We are developing the social individualist meta-context for the future. From the very serious to the extremely frivolous... lets see what is on the mind of the Samizdata people.

Samizdata, derived from Samizdat /n. - a system of clandestine publication of banned literature in the USSR [Russ.,= self-publishing house]

Samizdata quote of the day

“Liberal democracy is not about “paying a fair share” based on the exigencies of the moment and the vagaries of public opinion. If it were, Parliament would be little more than a trading floor where the freedoms of minorities were bartered away for temporary fixes and periodic bond repayments. True liberal democracy was and still should be about protecting and preserving freedom, equality in liberty and equality before the law – even when it is not, financially or politically, in our best interests to do so.”

PJ Byrne, over at the Adam Smith Institute blog. Alas, “true liberal democracy” is hard to achieve, given the strong urge by politicians to persuade one group of electors to rob another group, or indeed, even to rob themselves.

Has United ruined Continental?

I have for many years used Continental Airlines for most of my travel as I have found them reasonable and relatively easy to deal with. They always worked with me to solve problems and I never had any complaints about their service. I was a bit worried when United merged but at first it did not seem to cause any problems.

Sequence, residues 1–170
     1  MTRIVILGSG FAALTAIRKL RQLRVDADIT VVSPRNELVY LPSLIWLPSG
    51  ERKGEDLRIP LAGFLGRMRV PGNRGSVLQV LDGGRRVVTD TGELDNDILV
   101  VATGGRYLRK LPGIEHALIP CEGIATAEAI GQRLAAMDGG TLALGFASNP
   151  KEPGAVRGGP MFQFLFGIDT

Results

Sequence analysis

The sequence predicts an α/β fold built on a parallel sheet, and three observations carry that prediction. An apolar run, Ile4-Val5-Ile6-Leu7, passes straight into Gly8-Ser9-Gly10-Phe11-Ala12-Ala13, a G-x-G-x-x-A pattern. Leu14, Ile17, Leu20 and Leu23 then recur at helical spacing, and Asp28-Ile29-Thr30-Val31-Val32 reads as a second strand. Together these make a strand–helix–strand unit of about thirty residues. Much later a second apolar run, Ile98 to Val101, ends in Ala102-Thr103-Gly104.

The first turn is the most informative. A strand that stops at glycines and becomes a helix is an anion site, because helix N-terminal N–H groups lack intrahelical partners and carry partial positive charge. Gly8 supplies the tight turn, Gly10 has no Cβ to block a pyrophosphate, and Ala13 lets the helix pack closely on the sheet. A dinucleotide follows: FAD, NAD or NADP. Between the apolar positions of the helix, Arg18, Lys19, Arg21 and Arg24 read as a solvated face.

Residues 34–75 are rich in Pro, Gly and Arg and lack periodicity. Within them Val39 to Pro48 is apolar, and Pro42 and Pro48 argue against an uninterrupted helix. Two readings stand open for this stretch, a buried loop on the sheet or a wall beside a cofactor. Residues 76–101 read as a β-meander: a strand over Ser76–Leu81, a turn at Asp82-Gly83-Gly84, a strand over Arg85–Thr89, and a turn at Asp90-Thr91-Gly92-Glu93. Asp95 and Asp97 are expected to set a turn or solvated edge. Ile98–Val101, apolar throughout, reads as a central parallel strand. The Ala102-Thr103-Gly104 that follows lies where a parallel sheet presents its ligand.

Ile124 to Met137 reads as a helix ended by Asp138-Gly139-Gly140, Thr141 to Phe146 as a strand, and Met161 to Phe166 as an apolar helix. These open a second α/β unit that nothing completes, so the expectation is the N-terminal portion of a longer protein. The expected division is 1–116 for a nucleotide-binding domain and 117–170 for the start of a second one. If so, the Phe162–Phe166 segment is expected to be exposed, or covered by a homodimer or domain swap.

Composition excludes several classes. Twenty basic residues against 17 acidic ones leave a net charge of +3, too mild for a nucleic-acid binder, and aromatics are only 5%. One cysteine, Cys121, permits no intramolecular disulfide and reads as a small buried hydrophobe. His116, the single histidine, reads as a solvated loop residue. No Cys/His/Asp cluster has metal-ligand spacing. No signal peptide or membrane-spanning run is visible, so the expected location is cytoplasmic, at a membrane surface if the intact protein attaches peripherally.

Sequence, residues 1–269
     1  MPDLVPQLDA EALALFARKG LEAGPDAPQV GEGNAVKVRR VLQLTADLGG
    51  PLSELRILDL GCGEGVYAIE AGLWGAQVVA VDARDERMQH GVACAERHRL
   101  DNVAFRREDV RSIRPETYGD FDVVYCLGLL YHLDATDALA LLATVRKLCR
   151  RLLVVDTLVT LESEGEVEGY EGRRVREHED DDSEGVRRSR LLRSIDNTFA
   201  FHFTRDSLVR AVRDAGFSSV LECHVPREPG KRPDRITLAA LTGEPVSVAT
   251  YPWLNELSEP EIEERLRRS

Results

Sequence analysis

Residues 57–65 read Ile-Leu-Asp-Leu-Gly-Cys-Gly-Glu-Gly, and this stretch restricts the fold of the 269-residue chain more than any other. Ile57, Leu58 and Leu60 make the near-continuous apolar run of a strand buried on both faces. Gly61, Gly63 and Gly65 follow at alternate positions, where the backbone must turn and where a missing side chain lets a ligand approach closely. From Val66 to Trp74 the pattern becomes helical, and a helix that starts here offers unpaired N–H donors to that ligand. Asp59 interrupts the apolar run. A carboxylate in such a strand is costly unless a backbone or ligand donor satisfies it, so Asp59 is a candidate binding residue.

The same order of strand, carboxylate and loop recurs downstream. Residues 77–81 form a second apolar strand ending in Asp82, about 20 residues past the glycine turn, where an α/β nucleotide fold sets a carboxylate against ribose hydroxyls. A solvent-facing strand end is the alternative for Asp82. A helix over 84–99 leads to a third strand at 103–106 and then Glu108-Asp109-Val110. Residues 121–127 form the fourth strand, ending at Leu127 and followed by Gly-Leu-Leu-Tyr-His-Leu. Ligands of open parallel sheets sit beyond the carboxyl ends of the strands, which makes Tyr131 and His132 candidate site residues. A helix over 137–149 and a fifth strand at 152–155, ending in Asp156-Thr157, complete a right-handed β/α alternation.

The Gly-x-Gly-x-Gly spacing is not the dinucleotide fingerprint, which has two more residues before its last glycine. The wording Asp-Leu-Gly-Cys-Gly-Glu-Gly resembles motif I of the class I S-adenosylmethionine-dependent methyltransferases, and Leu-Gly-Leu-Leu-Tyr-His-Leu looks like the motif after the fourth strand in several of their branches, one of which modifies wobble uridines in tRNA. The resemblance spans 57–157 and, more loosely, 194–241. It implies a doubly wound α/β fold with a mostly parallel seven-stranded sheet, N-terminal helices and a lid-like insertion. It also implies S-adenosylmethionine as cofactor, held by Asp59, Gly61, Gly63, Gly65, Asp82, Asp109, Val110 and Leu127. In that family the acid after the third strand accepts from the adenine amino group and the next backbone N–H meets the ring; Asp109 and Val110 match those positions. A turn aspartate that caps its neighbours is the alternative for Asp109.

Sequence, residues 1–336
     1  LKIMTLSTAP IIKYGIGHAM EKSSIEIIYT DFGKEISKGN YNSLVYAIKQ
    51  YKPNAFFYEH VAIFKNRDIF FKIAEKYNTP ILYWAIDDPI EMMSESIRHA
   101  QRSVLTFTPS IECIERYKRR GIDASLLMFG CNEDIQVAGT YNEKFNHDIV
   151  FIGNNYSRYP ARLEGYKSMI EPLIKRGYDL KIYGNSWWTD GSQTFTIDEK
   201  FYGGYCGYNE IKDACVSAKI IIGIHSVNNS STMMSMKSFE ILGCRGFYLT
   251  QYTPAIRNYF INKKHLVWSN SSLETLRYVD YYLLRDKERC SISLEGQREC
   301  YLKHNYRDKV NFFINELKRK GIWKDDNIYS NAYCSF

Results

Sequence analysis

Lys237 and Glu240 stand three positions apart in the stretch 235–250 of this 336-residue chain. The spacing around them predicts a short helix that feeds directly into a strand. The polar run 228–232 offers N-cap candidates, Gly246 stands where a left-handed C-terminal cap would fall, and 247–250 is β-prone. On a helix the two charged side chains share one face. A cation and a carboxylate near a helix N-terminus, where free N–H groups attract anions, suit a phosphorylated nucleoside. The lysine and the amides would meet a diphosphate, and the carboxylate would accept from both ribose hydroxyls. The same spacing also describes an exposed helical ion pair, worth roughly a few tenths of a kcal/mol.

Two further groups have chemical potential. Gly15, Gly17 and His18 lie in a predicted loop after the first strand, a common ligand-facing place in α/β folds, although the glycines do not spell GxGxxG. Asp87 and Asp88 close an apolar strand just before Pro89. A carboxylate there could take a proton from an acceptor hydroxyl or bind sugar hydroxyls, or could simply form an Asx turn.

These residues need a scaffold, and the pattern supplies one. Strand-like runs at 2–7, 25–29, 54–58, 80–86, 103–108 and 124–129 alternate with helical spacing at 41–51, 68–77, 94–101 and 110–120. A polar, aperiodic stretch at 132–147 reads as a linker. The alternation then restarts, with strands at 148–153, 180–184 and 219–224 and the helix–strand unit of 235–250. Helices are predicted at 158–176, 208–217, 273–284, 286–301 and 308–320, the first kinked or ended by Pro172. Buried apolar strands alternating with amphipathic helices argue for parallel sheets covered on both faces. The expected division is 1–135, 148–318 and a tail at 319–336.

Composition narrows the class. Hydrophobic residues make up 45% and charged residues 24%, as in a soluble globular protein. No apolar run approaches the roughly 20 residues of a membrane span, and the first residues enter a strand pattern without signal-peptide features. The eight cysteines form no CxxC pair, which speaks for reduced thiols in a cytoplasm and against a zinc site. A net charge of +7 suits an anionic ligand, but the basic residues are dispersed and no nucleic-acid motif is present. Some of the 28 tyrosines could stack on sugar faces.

Now, the penny has dropped. I have been extending my travel here in the US and have changed the return date 6 times. Suddenly they have decided my ticket is ‘not changeable’ and the 6 people who have done so in the past ‘were in error’. I actually do not believe this is the case. What I believe has happened is that the unfriendly skies have now taken hold and these people are totally bureaucratic and have no concept of working with their customers.

This does not bode well for the merged company. If they can leave a long time, loyal customer stranded, I suspect they are going to make many, many enemies amongst their potential customer base.

If I had their stock right now, I’d sell.

Samizdata quote of the day

“More and more, this society feels like a tacit civil war between the state, with its armies of employees, and the few of us still left who are not involved with it in some way, whether in making up the rules or implementing them. No shots are fired, but it is a conflict nonetheless.”